Chlamydia recurs if a patient is reinfected. To prevent recurrence, finish all of your medication; don't have oral, anal, or vaginal sex with your partners until they've finished their medication; wait seven days until you have sex or genital contact; and get retested in three months.
After treatment for chlamydia, make sure that all partners were treated. Abstain from sex for seven days after single-dose treatment, or until seven-day treatment is complete. Get tested for other STDs including HIV. Get retested in two to three months to make sure you weren't reinfected. Come up with a plan to reduce the risk of getting reinfected.
It's possible to have chlamydia without having symptoms. Once it's treated, the infection is gone. Chlamydia doesn't have a "dormant" phase. However, it's possible for chlamydia to infect people without causing symptoms. Chlamydia can damage the body, but the germ is gone after effective treatment is completed. Patients being treated should avoid oral, anal, and vaginal intercourse until 7 days after single-dose treatment is complete, or until seven-day treatment is finished.
Chlamydia will go away after treatment with antibiotics. You can consider chlamydia cured seven days after single-dose treatment, or after seven day treatment is complete. In addition, some patients clear chlamydia on their own as their immune system can fight the infection; however, it would be a mistake to avoid treatment in the hope that chlamydia will go away on its own. It can cause damage leading to infertility or chronic pain if left untreated.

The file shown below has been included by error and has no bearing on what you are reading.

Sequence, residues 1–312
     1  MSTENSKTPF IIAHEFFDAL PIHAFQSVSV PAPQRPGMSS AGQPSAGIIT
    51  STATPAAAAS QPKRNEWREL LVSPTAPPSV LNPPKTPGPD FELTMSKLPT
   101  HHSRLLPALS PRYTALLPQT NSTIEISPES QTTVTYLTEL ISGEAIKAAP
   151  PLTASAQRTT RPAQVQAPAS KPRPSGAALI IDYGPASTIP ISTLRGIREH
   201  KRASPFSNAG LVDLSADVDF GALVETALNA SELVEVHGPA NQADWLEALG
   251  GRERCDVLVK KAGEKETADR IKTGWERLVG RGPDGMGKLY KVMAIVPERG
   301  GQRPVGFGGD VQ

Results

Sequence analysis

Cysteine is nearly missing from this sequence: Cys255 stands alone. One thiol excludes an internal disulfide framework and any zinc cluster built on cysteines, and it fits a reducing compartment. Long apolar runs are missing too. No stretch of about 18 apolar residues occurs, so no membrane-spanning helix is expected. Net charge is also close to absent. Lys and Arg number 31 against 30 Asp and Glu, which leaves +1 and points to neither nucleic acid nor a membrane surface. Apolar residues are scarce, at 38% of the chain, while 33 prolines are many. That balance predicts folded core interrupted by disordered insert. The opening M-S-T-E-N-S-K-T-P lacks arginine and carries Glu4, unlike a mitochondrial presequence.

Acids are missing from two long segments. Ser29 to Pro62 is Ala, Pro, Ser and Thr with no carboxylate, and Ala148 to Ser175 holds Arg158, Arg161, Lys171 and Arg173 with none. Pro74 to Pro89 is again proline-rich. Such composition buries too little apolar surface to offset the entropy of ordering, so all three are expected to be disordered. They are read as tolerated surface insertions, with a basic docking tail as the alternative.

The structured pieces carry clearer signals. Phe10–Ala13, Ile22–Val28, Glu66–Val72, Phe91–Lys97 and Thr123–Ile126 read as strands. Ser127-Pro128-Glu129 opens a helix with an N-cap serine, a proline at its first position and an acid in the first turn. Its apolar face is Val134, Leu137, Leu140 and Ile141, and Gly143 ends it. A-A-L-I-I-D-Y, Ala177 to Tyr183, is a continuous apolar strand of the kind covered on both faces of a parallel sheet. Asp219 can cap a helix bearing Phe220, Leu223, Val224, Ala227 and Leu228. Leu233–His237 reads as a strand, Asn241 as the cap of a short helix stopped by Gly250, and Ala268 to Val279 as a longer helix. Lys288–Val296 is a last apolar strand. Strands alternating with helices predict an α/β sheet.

Steroids do not cure chlamydia. You need antibiotics to cure chlamydia. First-choice treatments are 1g of azithromycin in one dose or 100 mg doxycycline twice daily for seven days.
In order to avoid reinfecion with chlamydia, a patient must avoid oral, anal, and vaginal sex (even with a condom), genital-genital contact, and sharing sex toys for seven days after one-dose treatment for chlamydia or for the seven days of week-long treatment for chlamydia. After treatment of all partners and the waiting period are complete, condoms can lower the risk of reinfection with chlamydia or infecdtion with another STD.
Go to the doctor. It could be a hormone imbalance.
Because even though you take the medication in a single dose, it doesn't suddenly kill all of the chlamydia bacteria in your body.
You can get chlamydia again if you were reinfected after treatment. You must abstain until seven days after both partners start treatment.
Whether you take single-dose treatment or seven-day treatment, it will be seven days before you can consider yourself cured. Even though you take just one dose of azithromycin to cure chlamydia, it needs seven days to eliminate all bacteria.
Whether you wash or not, effective treatment will cure you after seven days.
Doxycycline, in a dose of 100 mg twice daily for seven days, cures chlamydia. Ciprofloxacin may treat chlamydia, but it's not a first or second-line treatment, as there are cheaper, easier, and safer alternatives available.
If you're just sharing the bed then no, you're not going to get chlamydia from that. You would have to have intercourse or oral sex with some one that has chlamydia in order to get it. Just don't have sex until both of you have completed treatment and seven days have passed.
Yes, you can get reinfected with chlamydia during treatment. It is important to abstain from oral, anal, and vaginal sex -- not even with a condom -- until seven days after single-dose treatment, or until seven-day treatment is complete.
Yes a baby can, I was born at seven months =)